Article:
Biofuels Update

Lynne Kiesling

Yesterday the New York Times had an interesting article on new uses for the by-products of biofuels production, particularly glycerol and lignin. Here’s the story of one entrepreneurial venture:

In the foothills of the Rocky Mountains, not far from the Coors brewery in Golden, Colo., PureVision Technology is making lignin. A natural compound that helps provide strength and rigidity in plants, lignin makes up 15 to 25 percent of most plants.

Most plans for cellulosic ethanol processing call for burning the lignin to generate steam and heat to run the process. As a fuel, lignin is worth around $40 a ton.

PureVision has devised a way to make a different form of lignin — one with a molecular composition that could make it an attractive material for a variety of industrial products like glues, sealants and detergents.

Ed Lehrburger, PureVision’s founder and chief executive, said he thought his lignin could sell for $300 a ton or more. Mr. Lehrburger said his company was collaborating with a wood and paper products manufacturer that is interested in using the lignin for a biobased glue for its laminates, plywoods and other products.

“Lignin is going to be one of the big drivers of the switch from oil-based to biobased products,” Mr. Lehrburger predicted.

Meanwhile, researchers at the University of Minnesota are working on using biowaste and new combinations of catalysts to generate syngas.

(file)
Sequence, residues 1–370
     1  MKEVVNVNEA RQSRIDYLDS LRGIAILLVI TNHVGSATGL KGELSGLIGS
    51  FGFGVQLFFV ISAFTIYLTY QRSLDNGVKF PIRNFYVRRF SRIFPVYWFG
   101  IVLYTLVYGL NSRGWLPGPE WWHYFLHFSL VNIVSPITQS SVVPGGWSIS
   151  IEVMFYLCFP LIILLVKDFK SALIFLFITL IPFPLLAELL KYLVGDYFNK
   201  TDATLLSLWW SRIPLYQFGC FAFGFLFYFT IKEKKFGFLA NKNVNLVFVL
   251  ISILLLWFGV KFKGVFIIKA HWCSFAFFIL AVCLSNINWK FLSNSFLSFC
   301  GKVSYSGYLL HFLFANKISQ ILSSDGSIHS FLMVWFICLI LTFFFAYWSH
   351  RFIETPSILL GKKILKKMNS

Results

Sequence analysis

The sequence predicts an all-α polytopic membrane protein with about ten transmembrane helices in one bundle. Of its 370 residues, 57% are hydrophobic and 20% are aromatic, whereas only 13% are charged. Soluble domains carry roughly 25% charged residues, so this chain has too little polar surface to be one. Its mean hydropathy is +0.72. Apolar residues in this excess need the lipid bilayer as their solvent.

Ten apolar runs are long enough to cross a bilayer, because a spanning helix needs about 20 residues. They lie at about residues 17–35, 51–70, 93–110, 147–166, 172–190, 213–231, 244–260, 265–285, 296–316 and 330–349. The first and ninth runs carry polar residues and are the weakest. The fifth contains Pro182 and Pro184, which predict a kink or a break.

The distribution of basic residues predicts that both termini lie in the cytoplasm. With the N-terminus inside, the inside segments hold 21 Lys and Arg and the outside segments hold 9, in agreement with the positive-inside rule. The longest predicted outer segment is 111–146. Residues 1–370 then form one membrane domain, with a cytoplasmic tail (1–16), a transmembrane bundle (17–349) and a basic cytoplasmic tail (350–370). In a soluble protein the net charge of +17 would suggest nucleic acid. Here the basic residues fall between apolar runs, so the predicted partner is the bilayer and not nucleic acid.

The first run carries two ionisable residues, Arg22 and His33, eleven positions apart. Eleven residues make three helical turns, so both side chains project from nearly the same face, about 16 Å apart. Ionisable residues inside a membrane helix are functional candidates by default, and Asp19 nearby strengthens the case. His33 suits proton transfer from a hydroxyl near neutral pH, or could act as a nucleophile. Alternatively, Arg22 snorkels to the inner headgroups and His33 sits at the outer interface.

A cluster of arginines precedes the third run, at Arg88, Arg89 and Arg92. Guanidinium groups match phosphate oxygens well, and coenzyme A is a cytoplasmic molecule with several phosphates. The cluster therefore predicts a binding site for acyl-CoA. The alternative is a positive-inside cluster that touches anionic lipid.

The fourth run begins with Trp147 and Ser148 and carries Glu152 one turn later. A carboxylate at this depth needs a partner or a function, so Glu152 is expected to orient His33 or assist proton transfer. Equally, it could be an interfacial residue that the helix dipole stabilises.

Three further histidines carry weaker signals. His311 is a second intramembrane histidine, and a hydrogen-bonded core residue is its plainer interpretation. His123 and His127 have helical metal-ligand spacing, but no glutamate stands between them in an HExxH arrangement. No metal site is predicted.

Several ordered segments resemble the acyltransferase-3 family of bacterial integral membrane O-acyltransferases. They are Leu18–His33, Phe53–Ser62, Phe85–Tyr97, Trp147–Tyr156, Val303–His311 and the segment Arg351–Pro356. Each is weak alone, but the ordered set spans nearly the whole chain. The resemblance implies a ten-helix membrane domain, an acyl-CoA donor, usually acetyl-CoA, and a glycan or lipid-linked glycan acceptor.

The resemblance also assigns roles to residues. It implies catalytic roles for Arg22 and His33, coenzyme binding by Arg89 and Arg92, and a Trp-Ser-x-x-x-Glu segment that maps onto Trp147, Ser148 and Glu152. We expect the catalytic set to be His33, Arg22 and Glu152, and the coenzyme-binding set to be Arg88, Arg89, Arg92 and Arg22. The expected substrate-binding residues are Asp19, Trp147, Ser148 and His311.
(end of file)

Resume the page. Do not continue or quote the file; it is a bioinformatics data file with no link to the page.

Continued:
The key to the new process is a catalyst bed with the right kind of porous structure to maintain the temperatures and movement of materials needed for the chemical reactions. The resulting system breaks down the biomass in just 70 milliseconds. That is ten times faster than other methods for making syngas, says Lanny Schmidt, professor of chemical engineering and materials science at the University of Minnesota. Ideally, that means a reactor with a given volume could make ten times the amount of syngas using the new method compared with conventional methods. Or put another way, it could allow for reactors one-tenth the size, he says.

Hmmmm, that bodes well for scalability … as is typical in such things, the interesting problem to solve is the catalyst.

The overall affordability of such a system will partly depend on whether rhodium, which can cost upwards of $6,000 an ounce, can be used in small enough amounts–and over long enough periods of time. The process also has to be scaled up, even for small distributed systems. Right now, the prototype uses an experimental catalyst bed the size of a person’s thumb. The researchers estimate that a system that can make enough syngas to produce 10 gallons of gasoline a day would require a catalyst bed many times this size, about 15 centimeters across and 3 deep. It could prove difficult, says Theodore Krause, head of basic and applied sciences at Argonne National Laboratory, to make a larger system that remains fast and efficient.

While challenges remain, Schmidt’s system represents a distinct advance in the science of making fuels from biomass, Krause says. In demonstrating the ability to convert solids directly into syngas, he adds, the research has “demonstrated something that most people would have at first guessed was not possible.”

That’s the first thing that research should do, and opens up a range of possibilities.